Judging by the tremendous rise in popularity of Netflix , Redbox and Hulu services, there has been in a shift in the way that people are receiving their media content. The latest round of earnings for cable companies are confirming that shift, with at least on the major cable providers indicating subscriber losses.
The availability of content on their internet has allowed for more convenient viewing. Compounding that convenience is the fact that many of the shows are free of cost or only a fraction of the price of cable on a monthly basis. The cost efficiency and convenience combine with the current tightness in consumer spending to create a rather hostile environment for cable companies.
While cable will continue to reign in the coming years as many older people and families consider it a necessity, the younger generation and the current twenty and thirty-somethings who can easily navigate Rokus and Redboxes seem to either be canceling their subscriptions for a cheaper alternative or never adding them to begin with.
This trend can be predicted to continue in the coming months and years as more content is available online. So for investors holding onto shares of cable companies on the hopes that they’ll recover or continue to climb, it might be worthwhile to consider how diversified they are.
Time Warner Cable (TWX): Time Warner Cable Inc. announced it lost 128,000 residential video subscribers to end the quarter at 11.9 million. The 1.1 percent loss was accompanied by middling-to-weak trends in subscribers. The weak economy and easy access to shows sans a cable provider will likely continue to weigh on shares of Time Warner. These elements are being largely ignored by investors who have driven shares of Time Warner 14 percent higher this year in spite of underperforming estimates and a waning subscriber base.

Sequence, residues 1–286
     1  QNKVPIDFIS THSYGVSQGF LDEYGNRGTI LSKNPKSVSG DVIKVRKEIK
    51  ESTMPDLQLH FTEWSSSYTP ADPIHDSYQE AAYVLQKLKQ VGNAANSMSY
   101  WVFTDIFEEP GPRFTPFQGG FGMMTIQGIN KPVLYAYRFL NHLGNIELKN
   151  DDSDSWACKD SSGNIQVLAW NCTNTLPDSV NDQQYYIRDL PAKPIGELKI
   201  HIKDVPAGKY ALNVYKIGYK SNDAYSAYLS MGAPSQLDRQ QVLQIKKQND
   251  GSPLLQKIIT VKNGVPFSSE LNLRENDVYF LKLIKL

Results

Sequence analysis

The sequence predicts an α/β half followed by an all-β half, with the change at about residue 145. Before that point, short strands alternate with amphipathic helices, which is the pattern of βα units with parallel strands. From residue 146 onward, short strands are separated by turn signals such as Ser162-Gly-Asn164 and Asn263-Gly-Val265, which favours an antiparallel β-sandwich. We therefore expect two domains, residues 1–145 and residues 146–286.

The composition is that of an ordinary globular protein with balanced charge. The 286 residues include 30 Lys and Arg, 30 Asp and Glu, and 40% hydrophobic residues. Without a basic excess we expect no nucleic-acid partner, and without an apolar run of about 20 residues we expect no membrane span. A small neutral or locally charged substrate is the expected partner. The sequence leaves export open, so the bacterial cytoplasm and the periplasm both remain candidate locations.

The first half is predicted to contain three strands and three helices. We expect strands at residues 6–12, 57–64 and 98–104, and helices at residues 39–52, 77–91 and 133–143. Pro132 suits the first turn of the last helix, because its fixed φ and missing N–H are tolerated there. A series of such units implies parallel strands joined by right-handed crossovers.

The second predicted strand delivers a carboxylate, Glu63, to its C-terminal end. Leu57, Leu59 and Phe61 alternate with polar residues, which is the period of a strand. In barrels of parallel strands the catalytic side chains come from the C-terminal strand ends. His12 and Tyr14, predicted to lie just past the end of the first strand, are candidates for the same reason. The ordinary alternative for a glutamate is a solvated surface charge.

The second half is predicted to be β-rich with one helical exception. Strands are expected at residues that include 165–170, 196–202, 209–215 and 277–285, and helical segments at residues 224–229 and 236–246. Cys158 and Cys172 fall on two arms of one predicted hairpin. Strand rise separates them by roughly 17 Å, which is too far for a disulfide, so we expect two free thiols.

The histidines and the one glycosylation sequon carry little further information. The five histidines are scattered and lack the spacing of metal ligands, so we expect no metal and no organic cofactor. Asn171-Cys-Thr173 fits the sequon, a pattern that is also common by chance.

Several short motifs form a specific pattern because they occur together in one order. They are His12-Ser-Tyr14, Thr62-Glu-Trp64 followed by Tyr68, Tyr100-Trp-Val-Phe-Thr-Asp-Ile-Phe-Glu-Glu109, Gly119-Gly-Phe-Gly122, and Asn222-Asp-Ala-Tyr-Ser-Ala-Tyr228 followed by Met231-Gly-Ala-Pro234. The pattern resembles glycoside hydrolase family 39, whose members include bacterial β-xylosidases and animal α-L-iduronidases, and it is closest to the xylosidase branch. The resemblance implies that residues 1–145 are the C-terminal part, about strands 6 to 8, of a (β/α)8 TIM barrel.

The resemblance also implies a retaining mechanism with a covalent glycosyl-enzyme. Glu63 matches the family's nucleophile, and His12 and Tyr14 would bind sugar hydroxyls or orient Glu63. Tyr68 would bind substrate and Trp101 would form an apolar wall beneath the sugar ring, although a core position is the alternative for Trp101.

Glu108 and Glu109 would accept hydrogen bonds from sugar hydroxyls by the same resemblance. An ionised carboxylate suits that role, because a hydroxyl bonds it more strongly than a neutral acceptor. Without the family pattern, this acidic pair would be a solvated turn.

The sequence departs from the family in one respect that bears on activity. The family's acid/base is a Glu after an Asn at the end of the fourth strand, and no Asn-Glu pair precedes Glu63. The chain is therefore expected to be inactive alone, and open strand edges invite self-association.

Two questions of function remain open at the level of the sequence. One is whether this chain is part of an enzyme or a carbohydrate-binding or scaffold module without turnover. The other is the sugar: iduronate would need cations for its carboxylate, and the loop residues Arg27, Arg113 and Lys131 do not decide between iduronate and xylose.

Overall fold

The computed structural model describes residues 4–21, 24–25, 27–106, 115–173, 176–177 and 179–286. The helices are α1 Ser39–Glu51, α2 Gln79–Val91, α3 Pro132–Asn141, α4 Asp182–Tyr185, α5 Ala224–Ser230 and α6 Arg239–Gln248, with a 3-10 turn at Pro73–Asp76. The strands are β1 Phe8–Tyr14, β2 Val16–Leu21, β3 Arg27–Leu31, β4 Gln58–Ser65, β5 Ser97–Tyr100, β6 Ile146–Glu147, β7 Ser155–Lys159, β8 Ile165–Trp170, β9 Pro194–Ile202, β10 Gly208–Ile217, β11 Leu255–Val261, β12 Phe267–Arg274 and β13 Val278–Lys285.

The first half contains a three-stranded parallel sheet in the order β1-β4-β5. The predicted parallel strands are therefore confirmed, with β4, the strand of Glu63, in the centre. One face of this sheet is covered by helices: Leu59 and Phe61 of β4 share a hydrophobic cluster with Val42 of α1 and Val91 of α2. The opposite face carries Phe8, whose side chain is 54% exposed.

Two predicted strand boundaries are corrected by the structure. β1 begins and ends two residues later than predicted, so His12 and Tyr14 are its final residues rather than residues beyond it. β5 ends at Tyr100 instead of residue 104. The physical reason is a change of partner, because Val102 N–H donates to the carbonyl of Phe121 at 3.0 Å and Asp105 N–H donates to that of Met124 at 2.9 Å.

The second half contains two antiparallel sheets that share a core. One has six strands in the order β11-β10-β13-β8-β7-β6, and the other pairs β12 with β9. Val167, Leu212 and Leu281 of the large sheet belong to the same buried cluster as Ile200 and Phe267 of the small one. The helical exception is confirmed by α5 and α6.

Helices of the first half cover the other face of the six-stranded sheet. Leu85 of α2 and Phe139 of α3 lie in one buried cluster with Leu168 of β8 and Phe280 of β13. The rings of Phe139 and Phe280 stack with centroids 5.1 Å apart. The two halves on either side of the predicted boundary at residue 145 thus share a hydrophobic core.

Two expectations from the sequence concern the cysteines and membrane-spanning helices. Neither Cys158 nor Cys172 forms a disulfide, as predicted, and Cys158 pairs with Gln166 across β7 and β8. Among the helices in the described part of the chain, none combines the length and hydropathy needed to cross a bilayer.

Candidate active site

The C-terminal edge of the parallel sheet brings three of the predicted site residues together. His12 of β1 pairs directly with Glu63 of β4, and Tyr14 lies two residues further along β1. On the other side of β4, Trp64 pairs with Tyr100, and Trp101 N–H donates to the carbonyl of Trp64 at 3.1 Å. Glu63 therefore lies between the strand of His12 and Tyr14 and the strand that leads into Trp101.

The losses at Time Warner are decelerating from last year and the year earlier when consumer sentiment was at its worst and many were choosing to slash their cable. It’s also worth mentioning that the company increased its broadband subscribers which help offset some of the losses from cable.
Comcast Corp (CMCSA): Analysts appear to be largely in favor the world’s biggest cable provider with 15 analysts calling shares a buy in spite of the current market conditions. 6 analysts call the stock overweight and seven are saying it’s a hold. Considering the fact that Time Warner underperformed analyst expectations though, Comcast may be in danger of doing the same when they release their own earnings on November 2nd.
Comcast though, unlike Time Warner seems to be breaking away from the traditional cable format, offering content on Xbox and other fresh avenues in order to negate some of the losses from traditional paying subscribers.
Cablevision Systems Corp. (CVC) announced disappointing earnings on Friday. Third-quarter earnings fir the cable provider declined to $39.6 million, or 14 cents a share, from year-ago levels of $112.4 million, or 38 cents a share. Revenue did add 8 percent to reach $1.67 billion. The numbers fell short of analyst expectations with a 65 percent profit loss. The company shed 19,000 video subscribers during the period, less than the 26,000 average estimate of Bloomberg analysts predicted but enough that their bottom line will be negatively impacted. In all likelihood those subscribers that have left might stay away as they sign up with new providers like Verizon, or abandon the service entirely in favor of internet programming. Shares of the company have declined 15 percent since the earnings report and 56.68 percent YTD. In spite of seeming technically inexpensive with a P/E ratio of 11.91, the cable provider is likely to struggle to regain lost value as subscribers leave and force the company to make up the difference in other areas of its business.